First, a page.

21 January 2011

The State Services standards of integrity and conduct include the obligation “to work to the best of our abilities”.  Specifying “smart” measures to assess compliance would be a challenge.  In “Understanding the code –guidance for State Servants”, the State Services Commission explanation includes the following:

“Working to the best of our abilities reflects our spirit of service to the community.

We need to demonstrate a strong sense of personal responsibility and commitment to the public good. We must be apolitical, responsive, objective and accountable in our work, but also try to improve the quality and quantity of the contribution we make; working with focus, urgency and impact….”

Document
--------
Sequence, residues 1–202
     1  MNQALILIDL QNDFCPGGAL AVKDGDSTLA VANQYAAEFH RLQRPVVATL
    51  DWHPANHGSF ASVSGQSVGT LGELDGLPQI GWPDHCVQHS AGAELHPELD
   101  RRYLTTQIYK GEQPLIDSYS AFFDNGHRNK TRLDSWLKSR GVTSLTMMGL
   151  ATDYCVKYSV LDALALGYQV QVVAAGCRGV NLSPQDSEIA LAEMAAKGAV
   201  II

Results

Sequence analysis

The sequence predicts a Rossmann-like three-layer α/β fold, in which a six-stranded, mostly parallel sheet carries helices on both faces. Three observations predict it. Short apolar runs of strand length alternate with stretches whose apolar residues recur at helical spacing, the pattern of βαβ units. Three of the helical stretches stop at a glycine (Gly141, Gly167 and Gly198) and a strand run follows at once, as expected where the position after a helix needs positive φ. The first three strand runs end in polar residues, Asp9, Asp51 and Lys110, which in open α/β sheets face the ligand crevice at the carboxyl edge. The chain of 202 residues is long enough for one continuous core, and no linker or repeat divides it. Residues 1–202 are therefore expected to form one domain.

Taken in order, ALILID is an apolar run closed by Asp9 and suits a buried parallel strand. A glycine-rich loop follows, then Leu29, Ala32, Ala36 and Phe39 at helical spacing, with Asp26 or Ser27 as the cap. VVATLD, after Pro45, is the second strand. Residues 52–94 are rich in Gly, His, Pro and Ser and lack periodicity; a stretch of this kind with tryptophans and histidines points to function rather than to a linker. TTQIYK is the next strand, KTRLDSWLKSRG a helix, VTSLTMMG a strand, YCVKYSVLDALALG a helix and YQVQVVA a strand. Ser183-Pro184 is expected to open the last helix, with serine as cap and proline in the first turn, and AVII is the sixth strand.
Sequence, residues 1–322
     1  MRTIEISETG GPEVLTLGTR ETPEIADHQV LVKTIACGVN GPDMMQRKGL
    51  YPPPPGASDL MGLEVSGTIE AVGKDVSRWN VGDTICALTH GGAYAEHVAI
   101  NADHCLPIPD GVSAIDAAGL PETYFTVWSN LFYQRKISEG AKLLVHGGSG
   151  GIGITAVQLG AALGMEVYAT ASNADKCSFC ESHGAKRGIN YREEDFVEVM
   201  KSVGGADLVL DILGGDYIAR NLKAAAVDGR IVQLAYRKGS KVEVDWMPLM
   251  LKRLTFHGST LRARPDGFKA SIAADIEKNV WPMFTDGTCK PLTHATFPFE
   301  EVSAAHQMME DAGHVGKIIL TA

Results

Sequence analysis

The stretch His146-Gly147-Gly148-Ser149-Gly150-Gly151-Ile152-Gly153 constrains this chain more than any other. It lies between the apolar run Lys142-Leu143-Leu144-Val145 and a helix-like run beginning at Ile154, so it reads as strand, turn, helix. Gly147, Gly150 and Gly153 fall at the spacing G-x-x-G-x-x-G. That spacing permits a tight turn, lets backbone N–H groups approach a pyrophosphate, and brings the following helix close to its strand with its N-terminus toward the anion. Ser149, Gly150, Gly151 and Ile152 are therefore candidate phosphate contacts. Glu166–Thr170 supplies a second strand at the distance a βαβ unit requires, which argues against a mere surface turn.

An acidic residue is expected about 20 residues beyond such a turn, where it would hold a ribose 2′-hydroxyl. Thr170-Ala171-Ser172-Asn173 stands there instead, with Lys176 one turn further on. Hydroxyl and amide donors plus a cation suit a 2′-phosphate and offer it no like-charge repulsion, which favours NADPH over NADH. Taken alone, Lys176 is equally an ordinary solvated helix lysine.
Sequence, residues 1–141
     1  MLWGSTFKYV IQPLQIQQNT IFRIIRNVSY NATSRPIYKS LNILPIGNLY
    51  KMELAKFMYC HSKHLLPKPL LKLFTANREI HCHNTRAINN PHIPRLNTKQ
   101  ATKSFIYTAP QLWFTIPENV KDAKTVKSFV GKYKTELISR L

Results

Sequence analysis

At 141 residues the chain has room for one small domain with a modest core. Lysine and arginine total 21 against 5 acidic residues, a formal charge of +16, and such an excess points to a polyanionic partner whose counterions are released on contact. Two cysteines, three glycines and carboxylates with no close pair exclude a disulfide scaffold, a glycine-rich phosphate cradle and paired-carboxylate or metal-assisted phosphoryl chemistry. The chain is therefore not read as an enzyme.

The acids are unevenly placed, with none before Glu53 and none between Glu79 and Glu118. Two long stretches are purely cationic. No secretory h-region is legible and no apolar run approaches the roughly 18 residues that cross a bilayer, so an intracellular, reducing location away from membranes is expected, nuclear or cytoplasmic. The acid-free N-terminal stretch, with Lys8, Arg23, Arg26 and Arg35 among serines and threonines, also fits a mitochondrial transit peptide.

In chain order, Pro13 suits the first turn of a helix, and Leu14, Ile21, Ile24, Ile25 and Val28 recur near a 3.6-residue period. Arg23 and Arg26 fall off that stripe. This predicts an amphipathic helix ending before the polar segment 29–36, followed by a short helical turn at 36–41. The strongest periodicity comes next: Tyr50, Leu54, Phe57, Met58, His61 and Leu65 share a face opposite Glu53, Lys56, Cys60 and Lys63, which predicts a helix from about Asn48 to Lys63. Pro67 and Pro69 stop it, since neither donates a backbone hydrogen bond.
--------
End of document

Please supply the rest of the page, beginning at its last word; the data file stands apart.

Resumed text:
New Zealand no longer has a statutory retirement age. State servants should they wish can work as long as they choose.  It is interesting to speculate what working to the best of our abilities means when capacity diminishes.

The Propublica website has an interesting commentary on the contribution which US Federal court judges make to the law.  These judges are not required to retire.  When life tenure was prescribed in the 18th century American males lived to about 40.  Now 12% of the Federal judges are over 80 (and one sitting judge is 100!)  Their retirement pay is the same as their salary. Most prefer to keep working. The article explores the implications of age.  Historically the purpose of the public service pension schemes was to enable appointees to retire and make space for younger blood.

Perhaps officials without adequate pension arrangements will choose to emulate federal Court judges?